- Elections must be held at least every 5 years.
- Two main political parties; Conservative and Labour.
- Liberal Democrats are a third smaller party.
- The party with the majority of votes in the election forms the Government.
- The second largest party forms the Opposition.
- Scotland, Wales and Northern Ireland all have national political parties, the Scottish National Party (SNP), Plaid Cymru and Sinn Fein. These parties would like their countries to become independent.
- Management = styre
- Decision = avgjørelse/avgjerd
- Policy = politikk
- Public interest = samfunnsinteresse
- Depends on = er avhengig av
- Election = valg/val
- Independent = uavhengig/sjølvstendig
Make questions for these answers.
- Makes important decisions about how to run the country.
- Can make the Government change its mind.
- At least every 5 years.
- The Conservative Party and the Labour Party.
- It is formed by the second largest party.
- The SNP.
Scotland, Wales and Northern Ireland
Members of the Scottish and Welsh Parliaments are made up of a representative for each constituency and representatives from each of the regions used in the European Parliament elections. First the constituency Members are elected by the first-past-the-post system and then the regional Members are elected by a .
Devolution of powers to the Northern Ireland Assembly also occurred in 1999 and the Assembly has legislative authority for matters which have been transferred from the UK government.
The UK government has responsibility for all matters of foreign policy.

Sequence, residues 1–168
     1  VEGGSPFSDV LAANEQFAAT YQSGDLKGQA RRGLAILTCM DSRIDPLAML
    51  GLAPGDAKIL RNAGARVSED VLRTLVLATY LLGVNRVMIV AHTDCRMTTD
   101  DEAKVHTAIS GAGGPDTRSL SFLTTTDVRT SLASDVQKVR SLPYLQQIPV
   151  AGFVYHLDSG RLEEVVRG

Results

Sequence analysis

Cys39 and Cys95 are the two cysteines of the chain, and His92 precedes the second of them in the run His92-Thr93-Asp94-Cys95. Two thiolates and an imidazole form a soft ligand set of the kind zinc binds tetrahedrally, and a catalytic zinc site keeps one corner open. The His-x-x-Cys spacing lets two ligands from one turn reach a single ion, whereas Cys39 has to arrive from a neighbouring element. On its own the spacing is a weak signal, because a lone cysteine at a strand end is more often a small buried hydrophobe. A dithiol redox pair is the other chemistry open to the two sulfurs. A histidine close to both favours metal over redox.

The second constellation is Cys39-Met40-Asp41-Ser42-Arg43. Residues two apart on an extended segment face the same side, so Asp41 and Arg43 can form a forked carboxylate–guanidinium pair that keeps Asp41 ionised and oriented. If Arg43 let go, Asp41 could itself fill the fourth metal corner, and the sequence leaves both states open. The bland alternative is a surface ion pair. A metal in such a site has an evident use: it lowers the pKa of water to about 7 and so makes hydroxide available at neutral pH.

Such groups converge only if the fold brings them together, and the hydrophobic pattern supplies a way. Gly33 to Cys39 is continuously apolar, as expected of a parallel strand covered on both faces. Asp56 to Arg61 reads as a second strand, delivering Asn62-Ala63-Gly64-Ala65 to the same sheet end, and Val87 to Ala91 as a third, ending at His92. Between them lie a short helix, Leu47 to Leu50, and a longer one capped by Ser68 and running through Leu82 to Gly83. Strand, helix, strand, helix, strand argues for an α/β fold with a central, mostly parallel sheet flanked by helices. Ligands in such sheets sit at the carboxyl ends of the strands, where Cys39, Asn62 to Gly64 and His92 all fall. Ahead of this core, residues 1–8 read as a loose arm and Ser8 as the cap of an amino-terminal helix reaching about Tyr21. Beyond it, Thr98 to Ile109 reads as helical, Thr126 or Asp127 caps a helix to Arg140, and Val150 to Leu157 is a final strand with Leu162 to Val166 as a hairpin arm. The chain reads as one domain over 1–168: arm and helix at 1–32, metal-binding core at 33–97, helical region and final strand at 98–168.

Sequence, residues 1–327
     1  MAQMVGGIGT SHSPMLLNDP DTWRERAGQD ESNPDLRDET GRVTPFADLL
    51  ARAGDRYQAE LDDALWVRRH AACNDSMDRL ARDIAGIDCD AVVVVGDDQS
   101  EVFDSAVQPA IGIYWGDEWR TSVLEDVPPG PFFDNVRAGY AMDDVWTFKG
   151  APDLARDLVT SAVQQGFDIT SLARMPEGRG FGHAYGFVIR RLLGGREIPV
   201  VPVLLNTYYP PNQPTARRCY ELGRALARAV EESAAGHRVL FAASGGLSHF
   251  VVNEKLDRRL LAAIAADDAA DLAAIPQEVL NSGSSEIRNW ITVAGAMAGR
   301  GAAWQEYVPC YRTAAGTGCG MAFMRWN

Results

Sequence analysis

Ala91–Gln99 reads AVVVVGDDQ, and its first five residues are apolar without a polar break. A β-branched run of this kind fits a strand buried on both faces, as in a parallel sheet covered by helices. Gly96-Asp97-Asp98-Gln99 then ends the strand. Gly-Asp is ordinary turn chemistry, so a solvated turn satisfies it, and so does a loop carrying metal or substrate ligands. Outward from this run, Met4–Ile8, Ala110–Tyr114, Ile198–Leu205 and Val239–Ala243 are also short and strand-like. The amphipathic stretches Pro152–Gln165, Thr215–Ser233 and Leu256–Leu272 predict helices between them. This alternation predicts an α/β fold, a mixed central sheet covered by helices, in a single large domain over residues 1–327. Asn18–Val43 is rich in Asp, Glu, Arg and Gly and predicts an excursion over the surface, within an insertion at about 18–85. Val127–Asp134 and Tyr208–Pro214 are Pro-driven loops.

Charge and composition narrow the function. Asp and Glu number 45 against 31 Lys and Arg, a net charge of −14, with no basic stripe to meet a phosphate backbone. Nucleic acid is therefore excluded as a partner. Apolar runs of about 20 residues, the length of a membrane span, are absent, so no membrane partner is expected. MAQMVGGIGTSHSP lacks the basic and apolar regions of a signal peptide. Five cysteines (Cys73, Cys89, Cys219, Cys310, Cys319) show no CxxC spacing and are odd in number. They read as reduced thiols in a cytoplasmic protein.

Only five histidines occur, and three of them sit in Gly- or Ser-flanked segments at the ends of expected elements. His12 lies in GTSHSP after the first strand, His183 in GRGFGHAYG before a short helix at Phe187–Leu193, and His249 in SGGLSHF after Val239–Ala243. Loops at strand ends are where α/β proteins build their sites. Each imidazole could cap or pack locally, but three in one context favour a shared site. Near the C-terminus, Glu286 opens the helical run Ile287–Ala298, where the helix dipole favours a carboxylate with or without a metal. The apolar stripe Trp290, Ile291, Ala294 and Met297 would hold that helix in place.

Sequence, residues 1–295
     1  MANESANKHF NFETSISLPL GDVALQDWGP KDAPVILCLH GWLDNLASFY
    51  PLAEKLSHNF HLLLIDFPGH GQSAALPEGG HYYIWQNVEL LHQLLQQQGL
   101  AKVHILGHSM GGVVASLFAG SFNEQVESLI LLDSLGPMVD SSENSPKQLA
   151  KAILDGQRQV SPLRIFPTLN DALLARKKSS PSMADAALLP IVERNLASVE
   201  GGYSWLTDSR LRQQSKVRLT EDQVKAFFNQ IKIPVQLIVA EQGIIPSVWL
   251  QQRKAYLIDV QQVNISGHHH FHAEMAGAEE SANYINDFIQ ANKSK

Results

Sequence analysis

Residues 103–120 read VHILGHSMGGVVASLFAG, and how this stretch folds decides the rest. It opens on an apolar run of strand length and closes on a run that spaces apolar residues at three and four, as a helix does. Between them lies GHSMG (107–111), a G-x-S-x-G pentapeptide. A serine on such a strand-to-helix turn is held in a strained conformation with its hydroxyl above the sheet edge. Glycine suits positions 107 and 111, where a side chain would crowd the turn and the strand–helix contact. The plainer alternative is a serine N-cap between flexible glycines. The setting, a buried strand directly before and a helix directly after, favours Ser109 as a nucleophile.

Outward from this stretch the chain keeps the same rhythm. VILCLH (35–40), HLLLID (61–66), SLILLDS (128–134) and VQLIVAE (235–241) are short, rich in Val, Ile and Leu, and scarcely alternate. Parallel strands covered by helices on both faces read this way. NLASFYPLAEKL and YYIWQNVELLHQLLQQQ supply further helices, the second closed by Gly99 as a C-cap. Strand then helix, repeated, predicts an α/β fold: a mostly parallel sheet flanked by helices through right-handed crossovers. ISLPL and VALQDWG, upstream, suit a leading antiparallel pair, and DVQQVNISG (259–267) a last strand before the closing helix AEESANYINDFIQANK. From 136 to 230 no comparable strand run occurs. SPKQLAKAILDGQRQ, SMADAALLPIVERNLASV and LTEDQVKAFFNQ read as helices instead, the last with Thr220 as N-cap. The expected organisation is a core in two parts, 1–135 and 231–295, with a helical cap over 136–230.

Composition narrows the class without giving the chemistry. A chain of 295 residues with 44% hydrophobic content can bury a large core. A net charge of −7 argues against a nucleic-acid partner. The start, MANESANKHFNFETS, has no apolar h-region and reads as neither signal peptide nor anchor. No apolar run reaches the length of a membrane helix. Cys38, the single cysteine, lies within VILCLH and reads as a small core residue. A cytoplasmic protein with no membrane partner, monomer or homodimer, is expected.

Scotland is now planning a referendum in 2014 to vote on whether Scotland should become an independent country.
- foreign policy=utenrikspolitikk/utanrikspolitikk
Some Oddities in British Politics
The Whip The Whip is the person who has to “whip” together or count the MPs when they are going to vote on a new bill.
The Shadow Ministry This is the group of ministers which the Opposition sets up to monitor the government's ministers.
The British Constitution Norway has a written Constitution which states the laws of the country. Britain has no written Constitution, but uses tradition or, if necessary, makes a new law when a problem comes up.
Tasks and Activities
- UK Government Quiz
- This quiz is about strange procedures in the UK Parliament.
- the name of the present Prime Minister in the UK and which party he represents
- the name of the previous Prime MInister in the UK and which party he represented
- which party got most seats in the election
- how many seats did they get?
- From 2010, the government in the UK is a coalition government between the Conservative party and the Liberal Democrats. What does this mean?
In Pairs: Take a virtual tour
At , both students, individually, take a virtual tour of the House of Commons. Each make 10 questions about what you see. Give them to your partner, who should try to find the answers. Finally, discuss what you have seen and learned. Give your opinion on the layout of the Chamber, the furnishings and parliamentary traditions.
Nodes which use this node
- English subject curriculum
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- discuss and elaborate on culture and social conditions in several English-speaking countries